So I'm having a bit of trouble proving the following theorem:

Suppose that $p$ is a prime, $k \in \mathbb{N}$ and $b \in \mathbb{Z}$. Show that the number of $k$th roots of $b$ modulo $p$ is either $0$ or $(k, p - 1)$ (note that $(\cdot,\cdot) \equiv \gcd(\cdot,\cdot)$).

Here is my attempt.

If there are $0$ roots then we are done.

Suppose now that the congruence $x^k \equiv b \mod{p}$ has a solution, say $x \equiv r \mod{p}$ for some $r \in \{0, 1, 2, \dots, p - 1\}$. We know that $p$ has exactly $\phi(p - 1)$ primitive roots and that $a^{v\phi(n) + 1} \equiv a \mod{p}$ for any $a \in \mathbb{Z}$. Now, if $(r,p) \ne 1$, then either $r = 1$ or $p \vert r$. If $r = 1$, then we must have $x^k \equiv 1 \mod{p}$. We know from a previous theorem that the order of any number modulo a prime must divide $p - 1$, so $(k,p - 1) = k$ (I'm not sure where to go from here). If $p \vert r$ , then $x \equiv 0 \mod{p} \Rightarrow x^k \equiv 0 \mod{p} \Rightarrow b \equiv 0 \mod{p}$ (again no idea if I'm headed in the right direction)...

Suppose that $(r,p) = 1$. Then $r^k \equiv b \mod{p} \Rightarrow r^{k\phi(p)} \equiv b^{\phi(p)} \Rightarrow b^{p - 1} \equiv 1 \mod{p}$. I know that there are $\phi(p - 1)$ such $b$ that satisfy this, but again, I have no idea where this is going..

I think it's likely that I'm just completely venturing out in the wrong direction here. Even a nudge in the right direction would be appreciated.


If $b \not \equiv 0\bmod p$ and $x^k \equiv b\bmod p$ has one solution $x=a$ then the other solutions are $x= a\zeta$ where $\zeta^k = 1$, which has $$ \# \{ \zeta \bmod p, \text{ord}(\zeta)\ |\ k\}=\# \{ \zeta \bmod p, \text{ord}(\zeta)\ |\ (k,p-1)\}= (k,p-1)$$ solutions, since $\mathbb{Z}/p \mathbb{Z}^\times$ is cyclic with $p-1$ elements so it contains an element $\mu$ of order $(k,p-1)$ and $\zeta^k=1 \implies \zeta = \mu^n$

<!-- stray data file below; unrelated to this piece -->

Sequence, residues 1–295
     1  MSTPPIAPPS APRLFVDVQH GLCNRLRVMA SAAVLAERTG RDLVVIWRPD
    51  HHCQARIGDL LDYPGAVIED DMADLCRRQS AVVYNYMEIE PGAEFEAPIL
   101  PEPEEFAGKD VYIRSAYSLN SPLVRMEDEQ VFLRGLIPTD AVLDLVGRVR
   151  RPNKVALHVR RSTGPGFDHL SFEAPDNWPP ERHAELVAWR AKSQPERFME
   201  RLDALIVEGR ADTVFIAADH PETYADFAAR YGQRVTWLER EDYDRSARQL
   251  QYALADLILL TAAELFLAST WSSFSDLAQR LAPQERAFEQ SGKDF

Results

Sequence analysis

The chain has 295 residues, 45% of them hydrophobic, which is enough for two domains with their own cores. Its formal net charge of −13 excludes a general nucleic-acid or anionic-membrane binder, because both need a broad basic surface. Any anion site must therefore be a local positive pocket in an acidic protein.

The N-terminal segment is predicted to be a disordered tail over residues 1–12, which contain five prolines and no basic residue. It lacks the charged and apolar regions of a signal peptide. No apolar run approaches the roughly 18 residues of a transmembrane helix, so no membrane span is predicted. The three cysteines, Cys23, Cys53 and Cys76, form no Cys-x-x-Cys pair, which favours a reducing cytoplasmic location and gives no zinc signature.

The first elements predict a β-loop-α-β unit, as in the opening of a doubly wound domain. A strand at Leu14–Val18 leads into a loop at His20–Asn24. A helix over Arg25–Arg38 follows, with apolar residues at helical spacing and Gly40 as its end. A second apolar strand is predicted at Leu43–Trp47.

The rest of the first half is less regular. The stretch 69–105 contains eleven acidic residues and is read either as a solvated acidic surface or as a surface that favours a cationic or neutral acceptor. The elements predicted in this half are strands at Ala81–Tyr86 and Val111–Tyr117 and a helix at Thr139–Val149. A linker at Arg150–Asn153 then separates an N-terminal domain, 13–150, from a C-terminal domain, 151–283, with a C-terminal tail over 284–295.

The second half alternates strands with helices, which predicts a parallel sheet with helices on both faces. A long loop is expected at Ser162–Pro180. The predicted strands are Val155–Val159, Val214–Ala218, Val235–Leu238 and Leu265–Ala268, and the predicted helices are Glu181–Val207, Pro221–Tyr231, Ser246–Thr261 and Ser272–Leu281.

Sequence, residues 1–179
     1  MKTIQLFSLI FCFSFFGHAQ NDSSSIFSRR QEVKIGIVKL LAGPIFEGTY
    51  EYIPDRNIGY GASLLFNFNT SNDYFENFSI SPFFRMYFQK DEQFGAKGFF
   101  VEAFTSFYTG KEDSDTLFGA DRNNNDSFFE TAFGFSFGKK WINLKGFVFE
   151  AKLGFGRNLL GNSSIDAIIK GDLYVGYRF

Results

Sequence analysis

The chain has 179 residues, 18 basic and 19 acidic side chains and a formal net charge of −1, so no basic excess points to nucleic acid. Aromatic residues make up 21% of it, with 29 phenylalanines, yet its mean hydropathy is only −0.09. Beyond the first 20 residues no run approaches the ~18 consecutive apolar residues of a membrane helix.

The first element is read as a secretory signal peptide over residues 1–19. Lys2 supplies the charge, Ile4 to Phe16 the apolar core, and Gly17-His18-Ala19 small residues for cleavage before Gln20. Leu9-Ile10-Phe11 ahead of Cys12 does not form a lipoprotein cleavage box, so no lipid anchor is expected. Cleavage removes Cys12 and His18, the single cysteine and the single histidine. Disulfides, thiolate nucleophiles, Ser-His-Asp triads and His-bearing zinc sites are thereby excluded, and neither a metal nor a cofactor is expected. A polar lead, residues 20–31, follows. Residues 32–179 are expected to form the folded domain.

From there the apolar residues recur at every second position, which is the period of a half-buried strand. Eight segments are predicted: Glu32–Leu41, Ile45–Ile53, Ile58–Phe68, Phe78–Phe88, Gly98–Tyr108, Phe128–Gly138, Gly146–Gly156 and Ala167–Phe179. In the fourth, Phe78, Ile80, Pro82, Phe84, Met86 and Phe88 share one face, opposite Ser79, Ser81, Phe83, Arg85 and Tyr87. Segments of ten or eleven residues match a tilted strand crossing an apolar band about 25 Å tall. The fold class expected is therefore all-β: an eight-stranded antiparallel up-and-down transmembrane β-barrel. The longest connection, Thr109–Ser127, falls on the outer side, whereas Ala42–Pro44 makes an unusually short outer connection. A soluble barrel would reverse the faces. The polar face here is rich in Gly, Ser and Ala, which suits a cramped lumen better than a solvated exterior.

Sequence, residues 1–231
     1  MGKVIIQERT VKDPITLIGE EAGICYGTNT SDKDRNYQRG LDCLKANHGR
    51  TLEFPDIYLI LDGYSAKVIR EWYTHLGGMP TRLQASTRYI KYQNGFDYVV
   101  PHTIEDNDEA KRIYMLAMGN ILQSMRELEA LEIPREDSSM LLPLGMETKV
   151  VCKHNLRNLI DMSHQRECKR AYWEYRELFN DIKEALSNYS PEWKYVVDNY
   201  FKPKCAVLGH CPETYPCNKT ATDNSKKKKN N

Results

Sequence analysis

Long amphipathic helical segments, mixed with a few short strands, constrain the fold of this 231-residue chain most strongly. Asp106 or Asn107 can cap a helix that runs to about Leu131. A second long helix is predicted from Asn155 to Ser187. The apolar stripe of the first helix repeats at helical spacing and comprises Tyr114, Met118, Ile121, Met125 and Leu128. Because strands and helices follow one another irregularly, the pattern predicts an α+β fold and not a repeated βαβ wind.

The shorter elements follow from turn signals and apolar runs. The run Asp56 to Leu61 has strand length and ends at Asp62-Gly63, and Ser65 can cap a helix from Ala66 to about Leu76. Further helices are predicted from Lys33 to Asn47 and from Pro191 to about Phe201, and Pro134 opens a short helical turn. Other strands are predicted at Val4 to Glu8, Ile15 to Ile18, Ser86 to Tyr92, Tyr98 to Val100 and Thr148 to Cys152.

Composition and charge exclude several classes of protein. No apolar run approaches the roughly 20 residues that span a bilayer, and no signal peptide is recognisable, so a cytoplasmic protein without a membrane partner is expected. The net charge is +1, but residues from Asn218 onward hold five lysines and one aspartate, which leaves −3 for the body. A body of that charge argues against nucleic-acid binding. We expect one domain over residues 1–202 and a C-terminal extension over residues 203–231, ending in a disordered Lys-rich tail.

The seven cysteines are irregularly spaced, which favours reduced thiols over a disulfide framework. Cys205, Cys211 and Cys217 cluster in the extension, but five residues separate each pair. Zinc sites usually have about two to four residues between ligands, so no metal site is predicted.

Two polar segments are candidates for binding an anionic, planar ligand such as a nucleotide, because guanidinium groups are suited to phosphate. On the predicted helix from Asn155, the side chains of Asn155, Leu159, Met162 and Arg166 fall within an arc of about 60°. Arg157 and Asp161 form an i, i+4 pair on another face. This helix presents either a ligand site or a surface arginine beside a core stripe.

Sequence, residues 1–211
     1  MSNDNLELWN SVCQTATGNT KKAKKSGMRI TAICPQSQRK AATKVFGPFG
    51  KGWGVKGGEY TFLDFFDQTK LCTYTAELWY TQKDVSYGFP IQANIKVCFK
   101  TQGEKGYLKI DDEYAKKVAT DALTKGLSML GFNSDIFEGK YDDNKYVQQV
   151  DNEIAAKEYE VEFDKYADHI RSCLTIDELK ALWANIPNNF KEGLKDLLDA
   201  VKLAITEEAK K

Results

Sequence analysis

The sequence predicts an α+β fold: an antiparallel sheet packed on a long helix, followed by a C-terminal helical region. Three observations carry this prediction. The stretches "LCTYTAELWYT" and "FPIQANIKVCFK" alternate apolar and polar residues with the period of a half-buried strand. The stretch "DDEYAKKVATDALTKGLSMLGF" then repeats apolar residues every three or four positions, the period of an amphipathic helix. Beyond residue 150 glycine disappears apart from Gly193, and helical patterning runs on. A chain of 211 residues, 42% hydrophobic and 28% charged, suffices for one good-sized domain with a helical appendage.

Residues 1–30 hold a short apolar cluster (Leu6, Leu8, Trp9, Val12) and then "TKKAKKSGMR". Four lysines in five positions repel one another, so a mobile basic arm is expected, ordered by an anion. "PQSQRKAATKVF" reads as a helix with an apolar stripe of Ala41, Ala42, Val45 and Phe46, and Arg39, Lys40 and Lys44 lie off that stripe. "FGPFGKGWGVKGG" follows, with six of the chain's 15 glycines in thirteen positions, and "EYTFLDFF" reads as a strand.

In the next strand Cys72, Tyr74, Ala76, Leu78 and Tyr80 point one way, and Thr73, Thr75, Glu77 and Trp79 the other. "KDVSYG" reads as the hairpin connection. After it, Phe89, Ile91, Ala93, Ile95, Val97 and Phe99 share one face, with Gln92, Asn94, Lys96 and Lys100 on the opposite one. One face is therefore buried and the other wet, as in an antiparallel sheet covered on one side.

For root solving, I often find it easier to consider every element as power of a generator $g$. What I can suggest is setting $x\equiv g^i$ and $b\equiv g^j$ for some $0\leq i,j<p-1$ if you want to give it a try yourself. (A possible solution below.)

A solution may look something like this (can be shortened considerably):
If $b\equiv 0\pmod p$, then we have exactly 1 solution $x\equiv 0\pmod p$.

Next, suppose $b\neq 0$ and let $g$ be a generator. Then we may assume $x\equiv g^i$ and $b\equiv g^j$ for some $0\leq i,j <p$. Therefore $$g^{ik}\equiv g^j \pmod p$$

This then gives $$ik\equiv j \pmod{p-1},$$ or equivalently $$ik=j+t(p-1).$$ Now we set $$d=(k,p-1)$$ $$l=k/d, \;\; q=(p-1)/d$$ then we can rewrite the equation as $$ild=j+tqd$$ which tells us that $j\equiv 0 \pmod d$.
(Edit: If $j\not\equiv 0\pmod d$ then there are $0$ solutions, the first case.)

Letting $m=j/d$ and dividing by $d$, we get $$il=m+tq\implies i\equiv ml^{-1} \pmod q$$ (Noting that $l$ is invertible since $(l,q)=1$.) This tells us that $i$ has the form $$i=u+vq$$ for some fixed $u\in [0,q-1]$ (such that $u\equiv ml^{-1} \pmod q$) and any $v$. To get distinct solutions, we set $i\in [0,(p-1)-1=dq-1]$, which gives $$0\leq u+vq \leq dq-1$$ Hence we may let $v={0,1,\dots,d-1}$, giving us $d$ solutions. (Q.E.D)

Observe that $$u+(d-1)q \leq (q-1)+(d-1)q=dq-1$$ so that $v=d-1$ is a valid choice.

  • $\begingroup$ Hi take a look at my answer $\endgroup$ – reuns Oct 30 '17 at 11:26
  • $\begingroup$ @reuns I did, although I am not sure what is your intention. Is there a problem here? $\endgroup$ – Yong Hao Ng Oct 31 '17 at 2:17

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